Kegel exercises lessen stress incontinence in about half of patients, but the effect may not be noticeable until after 3 - 4 months of carrying out these exercises. Other methods used to help with stress incontinence include vaginal Premarin cream and medicines to increase the tone of the urinary sphincter. Vaginal Premarin cream may improve the support of the bladder and urethra. Some of the drugs that can increase the strength of the urinary sphincter include Entex LA, Sudafed and Ornade.
If the above methods are unsuccessful and when the symptoms are troublesome enough that a patient wants something done, surgical resuspension of the bladder and urethra can be carried out. There are two general types of operations that can be done. One type is done through an incision in the lower abdomen. In the other, the bladder and urethra can be resuspended with sutures through the pelvic and vaginal area. This type of procedure is called a Stamey or RAZ procedure. Alternatively, the bladder and urethra may be resuspended with a "sling" made of fascia (connective tissue), which is secured to the pelvic bone with suture, and bone anchors. Patients are usually in the hospital for 2-4 days afterwards. Because the bladder is sometimes not ready to empty after surgery, a small "safety valve" tube may be placed in the bladder through the pelvic area (lowermost part of the abdomen) and left in place for anywhere from a few days up to several weeks. Complications of surgery can include bleeding and infection, in addition to the other general risks of surgery. This operation successfully stops urinary leakage 90 % of the time.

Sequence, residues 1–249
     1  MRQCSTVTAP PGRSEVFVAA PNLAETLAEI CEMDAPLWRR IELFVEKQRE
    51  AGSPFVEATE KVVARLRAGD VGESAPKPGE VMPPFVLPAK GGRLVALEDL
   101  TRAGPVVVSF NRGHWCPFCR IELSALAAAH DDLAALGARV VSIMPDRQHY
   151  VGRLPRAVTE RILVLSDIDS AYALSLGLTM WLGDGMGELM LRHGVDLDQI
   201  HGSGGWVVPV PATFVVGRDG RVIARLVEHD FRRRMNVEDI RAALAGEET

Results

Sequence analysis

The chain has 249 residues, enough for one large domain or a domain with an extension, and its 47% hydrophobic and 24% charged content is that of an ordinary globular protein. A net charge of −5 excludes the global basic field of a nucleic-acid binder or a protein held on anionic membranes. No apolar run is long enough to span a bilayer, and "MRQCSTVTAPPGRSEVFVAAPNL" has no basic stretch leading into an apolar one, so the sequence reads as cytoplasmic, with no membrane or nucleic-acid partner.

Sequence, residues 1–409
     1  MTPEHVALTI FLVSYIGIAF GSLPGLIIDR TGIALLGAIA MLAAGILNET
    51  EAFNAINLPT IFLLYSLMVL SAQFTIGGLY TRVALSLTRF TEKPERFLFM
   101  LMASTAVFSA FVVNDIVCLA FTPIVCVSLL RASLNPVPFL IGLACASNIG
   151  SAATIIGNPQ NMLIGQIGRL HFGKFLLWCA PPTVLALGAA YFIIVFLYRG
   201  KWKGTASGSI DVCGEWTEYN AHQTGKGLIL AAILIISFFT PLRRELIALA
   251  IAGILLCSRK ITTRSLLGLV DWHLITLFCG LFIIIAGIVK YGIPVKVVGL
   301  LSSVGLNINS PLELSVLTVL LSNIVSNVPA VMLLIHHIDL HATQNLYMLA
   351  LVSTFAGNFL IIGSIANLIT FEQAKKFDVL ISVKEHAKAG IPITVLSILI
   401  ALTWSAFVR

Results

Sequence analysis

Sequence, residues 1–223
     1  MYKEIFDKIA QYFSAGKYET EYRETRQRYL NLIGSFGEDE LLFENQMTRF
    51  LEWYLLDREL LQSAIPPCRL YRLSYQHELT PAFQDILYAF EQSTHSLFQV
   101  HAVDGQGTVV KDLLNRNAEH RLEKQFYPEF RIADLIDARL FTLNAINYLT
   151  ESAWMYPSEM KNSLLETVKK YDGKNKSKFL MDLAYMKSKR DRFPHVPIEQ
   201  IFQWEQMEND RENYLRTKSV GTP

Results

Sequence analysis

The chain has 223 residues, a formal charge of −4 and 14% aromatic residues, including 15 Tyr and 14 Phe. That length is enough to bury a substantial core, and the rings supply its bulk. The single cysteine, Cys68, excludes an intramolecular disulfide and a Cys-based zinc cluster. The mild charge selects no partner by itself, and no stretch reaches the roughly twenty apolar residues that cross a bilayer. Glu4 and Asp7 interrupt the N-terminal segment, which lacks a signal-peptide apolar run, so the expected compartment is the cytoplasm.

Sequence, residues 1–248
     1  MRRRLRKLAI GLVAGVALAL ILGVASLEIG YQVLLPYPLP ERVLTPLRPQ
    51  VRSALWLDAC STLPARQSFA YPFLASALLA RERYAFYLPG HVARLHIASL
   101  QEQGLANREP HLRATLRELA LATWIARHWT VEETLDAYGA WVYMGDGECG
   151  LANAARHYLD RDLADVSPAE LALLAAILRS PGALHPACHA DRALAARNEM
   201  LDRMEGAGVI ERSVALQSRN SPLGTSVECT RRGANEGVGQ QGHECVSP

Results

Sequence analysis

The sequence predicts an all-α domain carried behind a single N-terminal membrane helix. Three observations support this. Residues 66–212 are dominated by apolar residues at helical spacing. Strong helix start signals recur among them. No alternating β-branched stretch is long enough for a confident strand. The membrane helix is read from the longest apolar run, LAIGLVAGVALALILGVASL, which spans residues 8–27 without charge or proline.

For some women with incontinence, the bladder and urethra are in the proper place and the problem is caused by failure of the urethra to close tightly. In this case, collagen may be injected underneath the surface of the urethra to create a better seal. This technique, which is carried out on an outpatient basis, can often be done with only I.V. sedation. As many as 75 % of women notice a favorable improvement. Some women require re-treatment within several years if the collagen becomes re-absorbed.
Urge incontinence occurs when the bladder involuntarily contracts and begins to empty urine. If the bladder had its way, it would contract all the time and never fill with urine. Normally, the bladder is prevented from contracting involuntarily by a reflex. When the reflex doesn't work properly, the bladder has an "uninhibited contraction" and may go on its own. In this circumstance, a patient may feel the urge to void, but before she can reach the bathroom, the urine is already coming out. A common scenario people describe is that when they reach the door of their house, they feel an intense need to go. Before they can get the door unlocked and get into the bathroom, they begin to get wet.
Medications are used to manage urge incontinence. These pills, such as Levsin, Levsinex, Ditropan and Detrol can suppress "uninhibited bladder contractions" and lessen the likelihood of the bladder going on its own. Many times a patient has a mix of both stress and urge incontinence and a combination of the above treatments may be used. Incontinence is a common problem that affects many women. With appropriate evaluation and treatment, many women can be helped.